Some behind the scenes looks of the heroic efforts to save people

“This is not like a disease we have seen before,” said internal medicine specialist Dr. Jamie Spiegelman. He says COVID-19 does not behave like a regular pneumonia, making medical management “unpredictable and day by day we have to change what we do."

There are even signs the disease may be causing heart inflammation, kidney disease, blood clots and liver problems.


Turning over a COVID-19 patient on a ventilator requires six people. It must be done slowly and carefully so breathing tubes don’t get disconnected, which would be dangerous for the patient, but also risk spreading the virus.


“People are not getting better quickly, and they are on breathing machines for a very long time,” she said. “We don't have any treatments, all we can do is support the body with the machines we have and hope the body itself recovers from the disease."


Hospitals are also reporting shortages of sedatives, with COVID-19 patients requiring a lot of sedation to keep them calm and to prevent them from coughing -- a dangerous means of transmitting the virus to health-care workers -- during procedures.


Nurse Sugandha Pandya, who is overseeing 32 COVID-19 patients, has one message: “Just please stay home and be safe and keep us safe.”

Outside the ICU, COVID-19 patients who are less severely ill are still closely watched in case stable breathing turns into a crisis. That can happen within seconds, says nurse Ayotunde Ajiboye.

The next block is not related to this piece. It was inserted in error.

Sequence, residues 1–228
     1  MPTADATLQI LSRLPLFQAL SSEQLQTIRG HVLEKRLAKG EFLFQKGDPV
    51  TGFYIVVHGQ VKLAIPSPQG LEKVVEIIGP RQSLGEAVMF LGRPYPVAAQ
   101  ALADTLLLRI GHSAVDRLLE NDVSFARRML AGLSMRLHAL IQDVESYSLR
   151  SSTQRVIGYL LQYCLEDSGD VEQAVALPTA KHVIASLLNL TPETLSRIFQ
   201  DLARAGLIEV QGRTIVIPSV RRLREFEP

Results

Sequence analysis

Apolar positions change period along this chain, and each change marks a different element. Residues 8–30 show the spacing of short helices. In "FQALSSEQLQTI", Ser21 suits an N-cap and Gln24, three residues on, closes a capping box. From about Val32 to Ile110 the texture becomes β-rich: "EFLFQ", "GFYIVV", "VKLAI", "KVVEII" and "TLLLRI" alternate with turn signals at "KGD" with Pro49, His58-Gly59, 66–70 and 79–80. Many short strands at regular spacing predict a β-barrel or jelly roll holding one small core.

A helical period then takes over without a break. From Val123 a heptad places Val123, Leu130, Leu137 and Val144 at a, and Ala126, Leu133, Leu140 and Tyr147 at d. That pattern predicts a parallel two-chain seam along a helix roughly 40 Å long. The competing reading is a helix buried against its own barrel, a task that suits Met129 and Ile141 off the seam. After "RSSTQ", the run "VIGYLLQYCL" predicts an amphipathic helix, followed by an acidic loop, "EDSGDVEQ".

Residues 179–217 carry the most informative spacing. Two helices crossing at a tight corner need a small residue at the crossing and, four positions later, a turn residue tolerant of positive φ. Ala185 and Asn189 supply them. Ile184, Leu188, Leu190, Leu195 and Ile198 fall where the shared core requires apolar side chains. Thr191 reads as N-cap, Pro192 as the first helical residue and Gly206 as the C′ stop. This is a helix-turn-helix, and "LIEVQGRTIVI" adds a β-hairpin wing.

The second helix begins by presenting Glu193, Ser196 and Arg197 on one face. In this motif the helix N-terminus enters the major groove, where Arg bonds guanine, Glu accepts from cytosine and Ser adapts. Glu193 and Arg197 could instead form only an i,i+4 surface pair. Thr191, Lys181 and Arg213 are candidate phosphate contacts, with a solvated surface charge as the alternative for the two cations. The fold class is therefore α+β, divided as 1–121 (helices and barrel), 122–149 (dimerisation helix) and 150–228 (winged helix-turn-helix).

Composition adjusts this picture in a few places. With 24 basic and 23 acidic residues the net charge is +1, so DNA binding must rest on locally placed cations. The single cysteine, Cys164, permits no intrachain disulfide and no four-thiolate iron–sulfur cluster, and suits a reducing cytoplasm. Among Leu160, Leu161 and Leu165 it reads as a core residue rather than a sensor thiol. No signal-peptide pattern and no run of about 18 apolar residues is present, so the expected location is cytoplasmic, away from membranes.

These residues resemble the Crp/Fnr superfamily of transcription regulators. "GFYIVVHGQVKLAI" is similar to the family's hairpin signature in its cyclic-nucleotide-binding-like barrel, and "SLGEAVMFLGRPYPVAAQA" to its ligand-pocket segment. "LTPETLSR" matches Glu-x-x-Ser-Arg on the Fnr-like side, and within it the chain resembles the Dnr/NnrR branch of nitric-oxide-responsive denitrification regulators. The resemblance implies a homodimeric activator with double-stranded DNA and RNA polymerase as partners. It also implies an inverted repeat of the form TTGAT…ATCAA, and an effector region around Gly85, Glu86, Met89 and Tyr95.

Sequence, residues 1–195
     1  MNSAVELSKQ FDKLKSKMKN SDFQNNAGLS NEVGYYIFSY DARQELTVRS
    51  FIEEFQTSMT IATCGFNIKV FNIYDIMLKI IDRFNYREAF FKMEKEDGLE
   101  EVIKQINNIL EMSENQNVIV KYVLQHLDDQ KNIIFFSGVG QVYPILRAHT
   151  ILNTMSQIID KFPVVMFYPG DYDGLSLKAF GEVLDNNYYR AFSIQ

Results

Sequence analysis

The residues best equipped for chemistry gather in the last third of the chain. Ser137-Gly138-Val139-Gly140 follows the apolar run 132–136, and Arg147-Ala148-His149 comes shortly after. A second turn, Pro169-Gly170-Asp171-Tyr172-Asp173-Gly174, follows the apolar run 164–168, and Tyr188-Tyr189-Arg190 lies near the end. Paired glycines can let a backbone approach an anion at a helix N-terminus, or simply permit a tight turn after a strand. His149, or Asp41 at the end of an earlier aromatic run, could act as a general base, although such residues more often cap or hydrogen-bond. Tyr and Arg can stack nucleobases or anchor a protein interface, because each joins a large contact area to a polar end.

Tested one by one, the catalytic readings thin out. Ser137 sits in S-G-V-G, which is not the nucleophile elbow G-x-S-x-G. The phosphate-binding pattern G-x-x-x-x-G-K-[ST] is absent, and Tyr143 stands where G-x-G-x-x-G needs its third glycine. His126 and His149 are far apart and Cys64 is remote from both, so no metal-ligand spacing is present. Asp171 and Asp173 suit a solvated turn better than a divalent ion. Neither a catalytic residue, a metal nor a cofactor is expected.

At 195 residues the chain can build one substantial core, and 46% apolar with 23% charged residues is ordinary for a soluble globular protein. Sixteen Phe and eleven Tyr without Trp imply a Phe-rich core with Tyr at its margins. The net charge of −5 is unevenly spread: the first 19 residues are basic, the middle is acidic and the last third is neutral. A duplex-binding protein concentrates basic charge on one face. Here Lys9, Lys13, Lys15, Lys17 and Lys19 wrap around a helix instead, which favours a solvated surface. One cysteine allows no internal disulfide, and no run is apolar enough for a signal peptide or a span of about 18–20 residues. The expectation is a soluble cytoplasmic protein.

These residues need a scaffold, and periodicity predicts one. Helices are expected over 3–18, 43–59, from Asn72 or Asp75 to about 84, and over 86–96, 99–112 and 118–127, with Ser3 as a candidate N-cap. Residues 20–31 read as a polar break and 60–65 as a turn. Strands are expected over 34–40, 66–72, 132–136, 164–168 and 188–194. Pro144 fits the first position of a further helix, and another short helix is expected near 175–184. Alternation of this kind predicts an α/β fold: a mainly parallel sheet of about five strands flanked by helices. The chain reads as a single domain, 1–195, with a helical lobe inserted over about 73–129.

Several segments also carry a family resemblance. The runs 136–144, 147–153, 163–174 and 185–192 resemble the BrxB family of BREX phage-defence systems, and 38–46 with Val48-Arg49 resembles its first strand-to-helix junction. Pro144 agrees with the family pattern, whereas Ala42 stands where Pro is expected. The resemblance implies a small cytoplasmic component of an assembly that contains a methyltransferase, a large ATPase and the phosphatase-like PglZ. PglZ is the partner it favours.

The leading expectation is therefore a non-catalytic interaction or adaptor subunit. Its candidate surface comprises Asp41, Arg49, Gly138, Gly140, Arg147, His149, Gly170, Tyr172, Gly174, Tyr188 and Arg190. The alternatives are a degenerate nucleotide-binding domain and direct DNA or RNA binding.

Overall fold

“It is a deadly disease. I wouldn’t want anybody to have it. It is unpredictable.”


“You know the fact that only a tiny percentage of the population has had this at this point, so we're still looking at many months going on,” said Dr. Michael Gardam, chief of staff.

“The economic impact of that is going to be astounding.”


Bruno Iozzo was a healthy 73-year-old before he developed a cough in late March. By the time he got to Humber River, he was gasping for breath.

He was one of the first COVID-19 patients admitted there, and he is still on a ventilator, three weeks later.

Dr. Sanjay Manocha says X-rays of Iozzo’s lungs show the toll the virus is taking. What should be black on the image is white and hazy, meaning his lungs are filled with fluid inflammation and can’t send enough oxygen into his blood.

It’s the “classic picture that we see of these corona pneumonias,” said Manocha. In Iozzo’s case, that has led to kidney failure and dialysis.

“We're learning as we go, because it's not the same and our approach is different for these patients compared to other patients who have pneumonia.”

ICU staff at Humber have yet to see any of their patients recover enough to go home.

Stay home, don't listen to herd immunity BS, this needs to be stopped.